ifm Flow Switches and Meters

In almost all fields of process and plant engineering liquids or gases are used. For coolant and lubricant supply of plant and machinery, ventilation of installations and buildings and the processing of products. In case of no flow of these media considerable damage and downtime may result. Therefore it is important to monitor these media. In modern installations electronic flow monitors are used for this purpose. They work without wear and tear and without mechanical components. This guarantees reliable monitoring even in case of difficult media over a long period.

ifm, a leading manufacturer of industrial sensors and controls, offers a complete line of flow switches and meters.

Direct or remote mount:
  • The SI flow switch mounts directly in process
  • The SR and SN control monitors and sensing probes offer a modular and remote alternative
Mount in-line:
  • The SM magmeter monitors conductive media up to 26 gpm
  • The SU ultrasonic flow meter monitors water, oil and glycol
  • The SQ flow meter measure small dosing quantities
  • The SD flow meter monitors air and gas leaks
  • The SL air flow switch monitors ventilation systems
Check out the video below for more information on ifm flow sensors. Thanks for watching.

Understanding the Chemical Recovery Processes in Pulp & Paper Mills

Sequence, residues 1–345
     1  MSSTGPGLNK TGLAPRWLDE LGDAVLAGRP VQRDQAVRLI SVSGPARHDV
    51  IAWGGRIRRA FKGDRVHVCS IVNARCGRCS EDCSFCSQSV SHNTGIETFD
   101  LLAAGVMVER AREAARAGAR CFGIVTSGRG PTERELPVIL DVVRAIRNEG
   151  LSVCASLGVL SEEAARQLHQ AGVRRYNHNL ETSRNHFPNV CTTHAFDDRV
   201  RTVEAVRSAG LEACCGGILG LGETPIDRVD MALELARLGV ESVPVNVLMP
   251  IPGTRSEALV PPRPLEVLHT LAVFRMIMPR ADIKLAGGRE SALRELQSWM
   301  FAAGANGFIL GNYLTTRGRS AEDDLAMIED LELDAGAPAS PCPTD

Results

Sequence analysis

chemical reclaim pulp and paper process
Figure 1
The kraft process is the dominant pulping process in the United States, accounting for approximately 85 percent of all domestic pulp production. The soda pulping process is similar to the kraft process, except that soda pulping is a non-sulfur process. One reason why the kraft process dominates the paper industry is because of the ability of the kraft chemical recovery process to recover approximately 95 percent of the pulping chemicals and at the same time produce energy in the form of steam. Other reasons for the dominance of the kraft process include its ability to handle a wide variety of wood species and the superior strength of its pulp.

The production of kraft and soda paper products from wood can be divided into three process areas:
  1. Pulping of wood chips
  2. Chemical recovery
  3. Product forming (includes bleaching)
The relationship of the chemical recovery cycle to the pulping and product forming processes is
chemical reclaim pulp and paper process
Figure 2
shown in Figure 1. Process flow diagrams of the chemical recovery area at kraft and soda pulp mills are shown in Figures 1 and 2, respectively.

The purpose of the chemical recovery cycle is to recover cooking liquor chemicals from spent
cooking liquor. The process involves concentrating black liquor, combusting organic compounds, reducing inorganic compounds, and reconstituting cooking liquor.

Cooking liquor, which is referred to as "white liquor, is an aqueous solution of sodium hydroxide (Na01) and sodium sulfide (Na2S) that is used in the pulping area of the mill. In the pulping process, white liquor is introduced with wood chips into digesters, where the wood chips are "cooked" under pressure. The contents of the digester are then discharged to a blow tank, where the softened chips are disintegrated into fibers or "pulp. The pulp and spent cooking liquor are subsequently separated in a series of brown stock washers: Spent cooking liquor, referred to as "weak black liquor, from the brown stock washers is routed to the chemical recovery area. Weak black liquor is a dilute solution (approximately 12 to 15 percent solids) of wood lignins, organic materials, oxidized inorganic compounds (sodium sulfate (Na2SO4), sodium carbonate (Na2003)), and white liquor (Na2S and Na0H).